Some may question the surface finish of RP parts when considering them for use as production parts. The stair steps are getting smaller as the thickness of the layers decrease, but they are still noticeable. Consider, however, that many parts in a product are hidden from view, such as those found inside an electronic enclosure, office machine, or the panel of a car door. This eliminates any negative impact of the part's appearance.
In addition to mechanical properties and surface finish, cost of the manufacturing process is a consideration. RM may not be practical for large parts, but for small ones, there is compelling evidence that RM is less costly than traditional manufacturing approaches, for relatively small volumes of parts.
Professor Philip Dickens of De Montfort University in the UK performed an interesting study in 1997. One of its purposes was to compare the cost of traditional plastic injection molding to that of RM using methods of RP. To make the comparison as authentic as possible, Dickens worked with Flymo, a manufacturer of lawn mowers. Dickens and the company selected an impeller, hub, and blade to use in the study.
Flymo carefully determined the cost of producing the injection-mold tooling and molding a given number of plastic parts. Dickens worked with others to produce the three parts on several RP systems. This gave him the information needed to calculate the cost of producing these three parts in volume.
The break-even point for the biggest part, the impeller, was 315 parts. In other words, the cost to produce 315 impellers was the same using both injection molding and RM. So, if there was a requirement for less than 315 parts, RM would be the least expensive of the two. The cost of the injection molding included the design and production of the mold.
The numbers look even better for RM when producing smaller parts. The break-even point for the hub was 2,800 parts. The break-even point for the blade, which is much wider but not nearly as tall, was 6,150 parts.
The cost of RP systems is expected to decline over time, so Dickens estimated what the break-even points might be in five years. He believes that they may be in the range of 1,750, 22,000, and 46,500 for the impeller, hub, and blade, respectively. Even if these cost improvements do not occur, RP is affordable today to manufacture small parts in quantities of thousands.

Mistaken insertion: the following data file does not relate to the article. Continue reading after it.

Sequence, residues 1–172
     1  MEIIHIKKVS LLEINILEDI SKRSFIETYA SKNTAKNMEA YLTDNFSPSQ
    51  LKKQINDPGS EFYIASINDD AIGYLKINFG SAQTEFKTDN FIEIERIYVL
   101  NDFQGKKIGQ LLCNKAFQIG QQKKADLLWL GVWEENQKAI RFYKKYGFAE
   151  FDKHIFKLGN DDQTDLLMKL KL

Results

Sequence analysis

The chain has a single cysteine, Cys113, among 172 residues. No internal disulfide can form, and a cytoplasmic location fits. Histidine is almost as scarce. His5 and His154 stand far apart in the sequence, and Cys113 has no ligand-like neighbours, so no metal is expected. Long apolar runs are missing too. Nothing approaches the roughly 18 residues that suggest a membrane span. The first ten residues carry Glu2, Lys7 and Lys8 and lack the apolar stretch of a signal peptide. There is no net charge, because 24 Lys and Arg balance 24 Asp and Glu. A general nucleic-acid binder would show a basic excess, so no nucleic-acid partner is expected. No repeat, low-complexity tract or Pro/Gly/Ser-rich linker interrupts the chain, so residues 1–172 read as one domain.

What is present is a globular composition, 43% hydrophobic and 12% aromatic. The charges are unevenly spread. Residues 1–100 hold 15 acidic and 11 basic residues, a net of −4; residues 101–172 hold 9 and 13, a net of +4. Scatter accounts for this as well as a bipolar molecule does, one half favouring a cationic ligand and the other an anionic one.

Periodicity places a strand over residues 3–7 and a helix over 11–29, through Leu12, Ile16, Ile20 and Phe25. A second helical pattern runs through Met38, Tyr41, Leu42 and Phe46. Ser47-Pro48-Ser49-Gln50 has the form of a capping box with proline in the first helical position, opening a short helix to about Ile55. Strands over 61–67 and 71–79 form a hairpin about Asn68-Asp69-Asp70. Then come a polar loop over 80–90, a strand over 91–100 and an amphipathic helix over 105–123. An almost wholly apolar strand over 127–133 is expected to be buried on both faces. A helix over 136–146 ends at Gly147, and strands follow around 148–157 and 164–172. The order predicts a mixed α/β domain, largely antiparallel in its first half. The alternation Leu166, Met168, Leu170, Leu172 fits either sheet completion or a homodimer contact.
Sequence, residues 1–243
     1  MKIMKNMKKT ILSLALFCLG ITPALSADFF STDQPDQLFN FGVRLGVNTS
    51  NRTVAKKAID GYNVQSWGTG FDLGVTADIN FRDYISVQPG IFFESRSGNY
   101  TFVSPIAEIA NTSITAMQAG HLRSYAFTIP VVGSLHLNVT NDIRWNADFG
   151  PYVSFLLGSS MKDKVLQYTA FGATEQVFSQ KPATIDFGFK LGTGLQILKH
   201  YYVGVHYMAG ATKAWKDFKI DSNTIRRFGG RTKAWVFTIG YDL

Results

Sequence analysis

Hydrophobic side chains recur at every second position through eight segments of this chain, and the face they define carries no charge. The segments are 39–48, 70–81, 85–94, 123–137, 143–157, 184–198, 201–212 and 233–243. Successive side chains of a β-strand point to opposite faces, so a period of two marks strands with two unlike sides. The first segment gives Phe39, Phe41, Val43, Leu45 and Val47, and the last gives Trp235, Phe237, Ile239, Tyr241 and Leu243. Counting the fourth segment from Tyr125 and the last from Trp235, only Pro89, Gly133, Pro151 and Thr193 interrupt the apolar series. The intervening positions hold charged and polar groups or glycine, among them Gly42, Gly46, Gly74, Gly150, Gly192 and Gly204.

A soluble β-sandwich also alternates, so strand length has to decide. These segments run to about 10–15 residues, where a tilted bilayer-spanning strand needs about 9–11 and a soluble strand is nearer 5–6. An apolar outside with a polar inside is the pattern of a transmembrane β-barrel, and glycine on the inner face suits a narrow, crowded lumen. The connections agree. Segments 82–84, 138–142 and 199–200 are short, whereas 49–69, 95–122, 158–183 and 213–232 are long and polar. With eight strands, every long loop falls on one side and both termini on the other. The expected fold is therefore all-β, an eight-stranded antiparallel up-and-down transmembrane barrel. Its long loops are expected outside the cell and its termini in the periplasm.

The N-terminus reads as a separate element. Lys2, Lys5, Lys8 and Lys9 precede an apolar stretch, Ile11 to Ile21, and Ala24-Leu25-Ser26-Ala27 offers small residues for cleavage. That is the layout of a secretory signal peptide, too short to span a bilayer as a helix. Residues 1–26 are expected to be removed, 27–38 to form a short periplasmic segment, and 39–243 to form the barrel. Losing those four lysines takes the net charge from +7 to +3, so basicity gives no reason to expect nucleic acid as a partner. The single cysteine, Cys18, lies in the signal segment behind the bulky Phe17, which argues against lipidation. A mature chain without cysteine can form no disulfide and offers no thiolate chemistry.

RM provides other benefits, too. Using RM, you do not have to wait weeks or months for tooling. Today's RP systems permit you to build parts as soon as the design data is complete, enabling you to deliver them to the customer the same week. Another benefit of RM is the ability to more easily make engineering changes up until the product is in production or even after it is in production. A change would require sending a new version of the STL file to the machine—that's it. With injection molding, engineering changes are typically expensive, both in money and time.
The idea of RM is fascinating, but it will take time to develop. One consideration is the cleaning of the parts after taking them out of the machine and removing the support structures, for those systems that require them. Stereolithography and FDM require support structures, so for some shapes, RM may not be practical. In August 1999, Stratasys introduced a new system, the FDM3000, which uses a new method of support structures called WaterWorks. It is a "hands free" approach to removing support structures by immersing the part in a water-based solution. Powder-based processes such as Z Corp's Z402 system and laser sintering from DTM and EOS, do not require support structures.
And finally, the speed of fabricating production parts using an RP process will be critical to the success of RM. In 1997, injection molding was about 100 times faster than most RP processes, according to Dickens. In the early 1990s, an RP system could process about 16 cubic centimeters of material per hour. Today, a fast RP system can process more than 1,000 cubic centimeters per hour—an improvement of 60 times. As system developers work to further enhance the speed of their systems, it's likely that we will see additional speed improvements over the next few years.
Where does CNC machining fit in? For many applications, it will remain the technology of choice. It is a proven and widely accepted option that offers a wide selection of materials. RP technology has improved over past several years, but so has CNC software and hardware. For large metal parts and mold inserts, CNC delivers and many companies will continue to use it successfully. As 3D printing, rapid tooling, and rapid manufacturing develop and mature, progressive organizations will look to them for solutions that give them an edge over the competition. Moving at the right time and to the right technology will be the key for thousands of companies around the world.
Note: Some of the information presented in this paper was excerpted from Rapid Prototyping & Tooling State of the Industry: 1999 Worldwide Progress Report. To learn more about the 221-page report, contact Wohlers Associates, Inc. at wohlersassociates.com. This web site also provides access to more than 73 articles, papers, reports, and other documents on RP, RT, CAD/CAM, and reverse engineering. It includes links to more than 182 RP system manufacturers, CAD/CAM vendors, service bureaus, universities, and other organizations focusing on rapid product development.
Copyright 1999 by Terry T. Wohlers